Pre-operative X-ray mammography and intraoperative X-ray specimen radiography are routinely used to identify breast cancer pathology. Recent advances in optical coherence tomography (OCT) have enabled its use for the intraoperative assessment of surgical margins during breast cancer surgery. While each modality offers distinct contrast of normal and pathological features, there is an essential need to correlate image-based features between the two modalities to take advantage of the diagnostic capabilities of each technique. We compare OCT to X-ray images of resected human breast tissue and correlate different tissue features between modalities for future use in real-time intraoperative OCT imaging. X-ray imaging (specimen radiography) is currently used during surgical breast cancer procedures to verify tumor margins, but cannot image tissue in situ. OCT has the potential to solve this problem by providing intraoperative imaging of the resected specimen as well as the in situ tumor cavity. OCT and micro-CT (X-ray) images are automatically segmented using different computational approaches, and quantitatively compared to determine the ability of these algorithms to automatically differentiate regions of adipose tissue from tumor. Furthermore, two-dimensional (2D) and three-dimensional (3D) results are compared. These correlations, combined with real-time intraoperative OCT, have the potential to identify possible regions of tumor within breast tissue which correlate to tumor regions identified previously on X-ray imaging (mammography or specimen radiography).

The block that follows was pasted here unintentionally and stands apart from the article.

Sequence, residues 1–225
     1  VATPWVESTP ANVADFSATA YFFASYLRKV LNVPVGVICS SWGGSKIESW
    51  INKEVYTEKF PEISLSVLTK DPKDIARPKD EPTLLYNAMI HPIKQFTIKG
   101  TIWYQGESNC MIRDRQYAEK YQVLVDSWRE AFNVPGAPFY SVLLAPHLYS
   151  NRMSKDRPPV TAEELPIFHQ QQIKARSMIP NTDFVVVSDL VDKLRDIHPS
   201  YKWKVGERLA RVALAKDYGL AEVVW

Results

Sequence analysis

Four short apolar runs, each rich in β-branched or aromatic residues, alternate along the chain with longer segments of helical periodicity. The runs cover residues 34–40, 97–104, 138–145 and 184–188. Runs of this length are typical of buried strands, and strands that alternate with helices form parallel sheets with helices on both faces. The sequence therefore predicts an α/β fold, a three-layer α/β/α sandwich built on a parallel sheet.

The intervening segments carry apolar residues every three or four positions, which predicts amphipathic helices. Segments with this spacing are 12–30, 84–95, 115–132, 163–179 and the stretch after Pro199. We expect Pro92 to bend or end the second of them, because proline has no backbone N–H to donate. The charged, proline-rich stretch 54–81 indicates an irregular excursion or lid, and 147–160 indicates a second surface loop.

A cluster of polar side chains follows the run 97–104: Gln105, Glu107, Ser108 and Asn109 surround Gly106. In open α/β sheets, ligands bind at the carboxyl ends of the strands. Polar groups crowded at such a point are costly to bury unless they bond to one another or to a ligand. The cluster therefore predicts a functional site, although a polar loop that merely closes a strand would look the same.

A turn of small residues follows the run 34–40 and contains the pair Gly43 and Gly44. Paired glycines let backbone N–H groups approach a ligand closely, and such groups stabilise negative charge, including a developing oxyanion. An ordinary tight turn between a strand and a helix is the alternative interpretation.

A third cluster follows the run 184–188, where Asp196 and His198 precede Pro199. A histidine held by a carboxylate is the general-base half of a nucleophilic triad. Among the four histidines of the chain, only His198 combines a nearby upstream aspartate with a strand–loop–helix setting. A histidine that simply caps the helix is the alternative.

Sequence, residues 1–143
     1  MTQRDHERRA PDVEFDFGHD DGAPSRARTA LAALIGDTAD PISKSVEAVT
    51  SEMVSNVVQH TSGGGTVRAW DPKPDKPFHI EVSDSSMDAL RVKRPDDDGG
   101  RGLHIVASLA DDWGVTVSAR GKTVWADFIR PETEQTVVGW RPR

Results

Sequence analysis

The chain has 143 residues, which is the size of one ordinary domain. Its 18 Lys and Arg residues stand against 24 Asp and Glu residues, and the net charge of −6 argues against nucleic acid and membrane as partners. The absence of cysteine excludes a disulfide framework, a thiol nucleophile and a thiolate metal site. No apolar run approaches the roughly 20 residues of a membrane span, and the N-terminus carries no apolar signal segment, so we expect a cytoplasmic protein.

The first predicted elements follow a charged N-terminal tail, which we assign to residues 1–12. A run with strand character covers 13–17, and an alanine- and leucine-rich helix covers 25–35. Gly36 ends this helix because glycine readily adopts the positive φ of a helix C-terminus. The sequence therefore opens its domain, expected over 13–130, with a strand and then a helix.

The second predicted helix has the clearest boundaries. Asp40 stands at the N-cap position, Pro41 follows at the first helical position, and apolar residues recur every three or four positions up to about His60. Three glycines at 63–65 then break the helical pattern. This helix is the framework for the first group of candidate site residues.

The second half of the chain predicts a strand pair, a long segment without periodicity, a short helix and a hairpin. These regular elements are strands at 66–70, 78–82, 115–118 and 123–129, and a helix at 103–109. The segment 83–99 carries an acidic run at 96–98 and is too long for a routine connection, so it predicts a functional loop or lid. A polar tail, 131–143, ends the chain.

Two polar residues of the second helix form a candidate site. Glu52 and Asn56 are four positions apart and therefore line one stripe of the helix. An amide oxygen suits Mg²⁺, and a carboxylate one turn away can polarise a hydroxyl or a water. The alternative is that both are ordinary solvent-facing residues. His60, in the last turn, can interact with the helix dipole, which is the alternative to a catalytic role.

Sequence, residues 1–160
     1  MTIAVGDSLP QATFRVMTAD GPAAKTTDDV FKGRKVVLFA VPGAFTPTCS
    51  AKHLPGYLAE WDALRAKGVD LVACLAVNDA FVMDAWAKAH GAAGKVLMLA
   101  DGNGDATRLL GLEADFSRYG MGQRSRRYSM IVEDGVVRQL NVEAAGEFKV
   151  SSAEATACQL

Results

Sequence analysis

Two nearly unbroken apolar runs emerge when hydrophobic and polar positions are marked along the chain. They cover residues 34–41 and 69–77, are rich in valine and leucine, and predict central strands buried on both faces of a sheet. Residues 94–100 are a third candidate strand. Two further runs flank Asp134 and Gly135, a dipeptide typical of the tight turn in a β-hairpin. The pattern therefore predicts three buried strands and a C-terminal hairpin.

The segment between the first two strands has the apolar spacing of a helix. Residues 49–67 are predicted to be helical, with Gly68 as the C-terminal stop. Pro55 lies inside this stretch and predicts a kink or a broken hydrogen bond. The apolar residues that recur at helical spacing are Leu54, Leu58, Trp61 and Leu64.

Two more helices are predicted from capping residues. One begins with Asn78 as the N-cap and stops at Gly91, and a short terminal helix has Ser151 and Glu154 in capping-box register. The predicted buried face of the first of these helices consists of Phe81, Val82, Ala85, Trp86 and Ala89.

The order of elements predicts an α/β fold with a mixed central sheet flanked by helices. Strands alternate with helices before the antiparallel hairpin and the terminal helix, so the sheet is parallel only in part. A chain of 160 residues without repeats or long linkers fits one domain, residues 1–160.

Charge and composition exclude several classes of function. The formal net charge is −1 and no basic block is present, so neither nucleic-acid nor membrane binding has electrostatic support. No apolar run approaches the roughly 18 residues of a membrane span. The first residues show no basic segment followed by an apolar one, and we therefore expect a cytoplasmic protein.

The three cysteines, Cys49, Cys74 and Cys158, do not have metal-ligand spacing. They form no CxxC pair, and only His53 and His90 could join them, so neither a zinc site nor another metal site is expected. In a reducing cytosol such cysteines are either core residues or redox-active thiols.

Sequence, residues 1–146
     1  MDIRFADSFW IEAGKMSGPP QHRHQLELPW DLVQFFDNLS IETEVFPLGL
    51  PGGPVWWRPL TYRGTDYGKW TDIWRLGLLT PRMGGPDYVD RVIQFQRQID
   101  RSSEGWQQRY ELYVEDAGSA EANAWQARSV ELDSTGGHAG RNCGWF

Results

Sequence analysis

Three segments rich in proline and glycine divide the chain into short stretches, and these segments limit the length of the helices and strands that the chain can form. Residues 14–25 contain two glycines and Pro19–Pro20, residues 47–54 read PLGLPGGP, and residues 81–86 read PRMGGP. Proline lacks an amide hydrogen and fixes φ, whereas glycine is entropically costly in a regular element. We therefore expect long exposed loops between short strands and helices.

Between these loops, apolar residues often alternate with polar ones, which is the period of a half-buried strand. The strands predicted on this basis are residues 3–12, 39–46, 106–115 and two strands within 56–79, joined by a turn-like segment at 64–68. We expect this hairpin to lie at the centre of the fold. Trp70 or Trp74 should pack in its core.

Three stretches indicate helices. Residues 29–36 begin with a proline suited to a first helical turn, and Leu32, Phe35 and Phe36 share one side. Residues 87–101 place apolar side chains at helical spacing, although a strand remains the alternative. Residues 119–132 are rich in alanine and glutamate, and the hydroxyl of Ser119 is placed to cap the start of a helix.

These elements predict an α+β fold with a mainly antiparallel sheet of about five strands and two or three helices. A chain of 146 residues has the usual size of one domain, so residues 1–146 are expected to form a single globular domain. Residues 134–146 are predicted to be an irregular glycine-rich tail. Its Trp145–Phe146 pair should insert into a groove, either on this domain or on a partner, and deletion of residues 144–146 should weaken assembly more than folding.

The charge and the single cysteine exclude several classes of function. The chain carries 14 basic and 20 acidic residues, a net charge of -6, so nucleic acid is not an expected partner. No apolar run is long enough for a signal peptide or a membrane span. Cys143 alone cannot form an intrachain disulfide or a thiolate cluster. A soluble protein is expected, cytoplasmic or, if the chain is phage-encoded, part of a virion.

Original languageEnglish (US)
Article number1350015
JournalJournal of Innovative Optical Health Sciences
Issue number2
StatePublished - Apr 2013


  • breast cancer
  • intraoperative imaging
  • mammography
  • Optical imaging
  • segmentation
  • specimen radiography

ASJC Scopus subject areas

  • Biomedical Engineering
  • Electronic, Optical and Magnetic Materials
  • Atomic and Molecular Physics, and Optics
  • Medicine (miscellaneous)


Dive into the research topics of 'Segmentation and correlation of optical coherence tomography and X-ray images for breast cancer diagnostics'. Together they form a unique fingerprint.

Cite this